Countering this movement, unsurprisingly, is the mainstream cosmetic industry. They argue that parabens, like most cosmetic ingredients, are safe based on their long-term use and safety record and recent scientific studies.

Larger Studies Needed

The American Cancer Society has concluded that larger studies are needed to find out what effect, if any, parabens might have on breast cancer risk.

Toxicologist Philip W. Harvey, PhD, also calls for more research into the safety of parabens in cosmetics that may spur growth of estrogen-dependent tumors. “Absence of evidence is not evidence of absence of a harmful effect,” he told WebMD in 2004. “These chemicals are being directly applied daily, by very large numbers of people, and the long-term health effects of exposure are essentially unknown.”

Risk Minimal?

American Cancer Society epidemiologist Michael Thun, MD, says even if the parabens do promote estrogen-dependent tumor growth, the risk from cosmetic use is “minuscule” compared with other known tumor promoters. Dr. Harvey cited animal studies suggesting that paraben exposure is 500 to 10,000 times less potent as a tumor promoter than taking oral estrogen or being obese. “The risk at an individual level is tiny, compared to other known risks,” Thun told WebMD.

Thun advises people not to worry about using antiperspirants, but adds that regulators must take these findings seriously when reviewing the safety of consumer products. “If this substance is in multiple cosmetics and is being absorbed through the skin, it needs to be looked at more closely,” he said.

FDA Stance

In response to public health concerns regarding parabens in cosmetics, the U.S. Food and Drug Administration (FDA) reassessed the appropriateness of the use of parabens in consumer products. The Cosmetic Ingredient Review (CIR), of which the FDA is a non-voting member, concluded that due to the very low levels of parabens contained in consumer products, it was “implausible that parabens could increase the risk associated with exposure to estrogenic chemicals.”

Currently the FDA takes the position that parabens do not pose a health concern for consumers. However, they will reevaluate this stance if new evidence emerges that contradicts the current evidence.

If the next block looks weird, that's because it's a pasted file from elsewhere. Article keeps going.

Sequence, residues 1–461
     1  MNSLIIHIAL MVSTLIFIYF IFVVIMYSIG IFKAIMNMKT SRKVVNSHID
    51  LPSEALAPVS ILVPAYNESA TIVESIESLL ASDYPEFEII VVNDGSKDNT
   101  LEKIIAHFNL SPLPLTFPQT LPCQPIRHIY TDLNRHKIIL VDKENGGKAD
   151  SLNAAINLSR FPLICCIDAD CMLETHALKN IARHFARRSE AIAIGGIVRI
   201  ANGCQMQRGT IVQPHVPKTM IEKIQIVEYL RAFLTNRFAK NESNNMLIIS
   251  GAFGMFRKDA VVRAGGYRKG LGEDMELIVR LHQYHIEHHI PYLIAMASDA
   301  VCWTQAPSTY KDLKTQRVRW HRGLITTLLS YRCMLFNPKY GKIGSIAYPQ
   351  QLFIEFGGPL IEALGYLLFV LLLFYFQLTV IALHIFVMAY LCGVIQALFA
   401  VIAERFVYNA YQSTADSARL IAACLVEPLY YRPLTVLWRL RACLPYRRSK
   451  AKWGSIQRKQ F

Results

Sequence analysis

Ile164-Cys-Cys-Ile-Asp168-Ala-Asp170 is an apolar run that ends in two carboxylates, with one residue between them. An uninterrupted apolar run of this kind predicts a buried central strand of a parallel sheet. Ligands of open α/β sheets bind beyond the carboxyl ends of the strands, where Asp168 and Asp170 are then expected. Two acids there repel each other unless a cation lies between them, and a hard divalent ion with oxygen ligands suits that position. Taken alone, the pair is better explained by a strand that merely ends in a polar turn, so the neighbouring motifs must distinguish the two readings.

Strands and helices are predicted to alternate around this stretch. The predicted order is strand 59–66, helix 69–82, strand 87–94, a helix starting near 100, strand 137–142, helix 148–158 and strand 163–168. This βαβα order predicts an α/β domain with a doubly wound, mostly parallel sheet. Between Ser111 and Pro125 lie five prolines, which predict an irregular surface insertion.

Steps You Can Take

To reduce your exposure to parabens and phthalates in cosmetics, many groups advise the following:

– Visit the Environmental Working Group’s (EWG) “Skin Deep” website to search for cosmetic products. Each is given a hazard score based on the ingredients’ links to cancer, allergies, and other issues. The EWG is a U.S.-based environmental health advocacy organization.

– Search the website of the Campaign for Safe Cosmetics for companies that have signed the Compact for Safe Cosmetics and learn about the products they make.

My Take

I wish there were simple answers. With all the distress caused by the controversy, I wonder, as one article title expresses, can rumor cause cancer? Are we overly stressed when told to avoid so many things in everyday life? Do we breast cancer survivors who struggle in a weak economy find ourselves in a Catch 22 by either paying extra for natural cosmetics (as well as organic foods) or facing possible recurrence?

Should the American Cancer Society only partner with companies who have signed the Compact for Safe Cosmetics in their “Look Good…Feel Better Program”? I pose the question without a clear answer, since this free program has helped so many cancer patients (including me) with their self-esteem.

Because I have been through cancer twice, my personal motto is “Why take a chance?” If I have the money to spend, I shop for skin-care products without parabens and phthalates, often buying online to read more easily the ingredient list. I also pass up those small bottles of shampoo, conditioner and hand lotion that hotels offer as amenities, not only for environmental reasons, but for my own cancer-free peace of mind.

But I’m also practical and do realize that many factors in my environment can contribute to breast cancer recurrence, and that parabens and phthalates are only possible culprits. Those who can’t afford to pay or look for products free of these chemicals should not feel guilty or anxious by using regular cosmetics. Maybe the compromise is to use them less often or in smaller amounts. As one wise aphorist once noted: All things in moderation.

A retired patent attorney, Jan Hasak authored a memoir on her cancer journey, “Mourning Has Broken: Reflections on Surviving Cancer” (Xulon Press 2008). In this inspirational work she shares how her faith sustained her as she underwent breast-cancer treatment at age 43 and again at 52, and dealt with lymphedema.

Her second book, “The Pebble Path: Returning Home from a Forest of Shadows,” takes a poetic look at her cancer journey. This inspirational allegory relates the story of Fanciful, a princess, who picks up pebbles of wisdom as she travels down the path following her cancer diagnosis.

She is listed on the National Cancer Survivor Day Speakers Bureau roster, maintains a blog on cancer-related issues, and addresses audiences on the benefits to cancer survivors of writing, forgiveness, diet and exercise. She also offers tips on what to say and do to bring cheer to a cancer survivor.